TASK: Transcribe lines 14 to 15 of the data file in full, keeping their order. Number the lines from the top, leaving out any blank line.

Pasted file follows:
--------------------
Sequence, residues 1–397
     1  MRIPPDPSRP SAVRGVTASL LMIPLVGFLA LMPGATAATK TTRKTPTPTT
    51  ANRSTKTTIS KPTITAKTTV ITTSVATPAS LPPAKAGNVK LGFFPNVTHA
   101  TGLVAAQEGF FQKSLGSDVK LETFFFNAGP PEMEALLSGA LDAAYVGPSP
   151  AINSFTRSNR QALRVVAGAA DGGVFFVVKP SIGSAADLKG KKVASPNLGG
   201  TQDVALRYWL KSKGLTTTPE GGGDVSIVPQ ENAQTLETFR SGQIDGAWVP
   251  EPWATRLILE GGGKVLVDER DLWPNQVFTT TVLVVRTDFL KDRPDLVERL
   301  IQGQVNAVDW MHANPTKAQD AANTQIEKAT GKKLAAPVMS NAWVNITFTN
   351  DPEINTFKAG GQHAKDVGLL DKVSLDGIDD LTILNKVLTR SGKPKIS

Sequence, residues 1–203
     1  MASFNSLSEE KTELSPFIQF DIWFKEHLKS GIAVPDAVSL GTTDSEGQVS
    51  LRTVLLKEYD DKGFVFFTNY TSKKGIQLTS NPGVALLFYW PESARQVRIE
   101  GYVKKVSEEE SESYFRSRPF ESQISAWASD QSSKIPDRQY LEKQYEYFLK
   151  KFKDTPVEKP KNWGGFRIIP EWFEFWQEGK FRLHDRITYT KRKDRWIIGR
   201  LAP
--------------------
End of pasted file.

   151  KFKDTPVEKP KNWGGFRIIP EWFEFWQEGK FRLHDRITYT KRKDRWIIGR
   201  LAP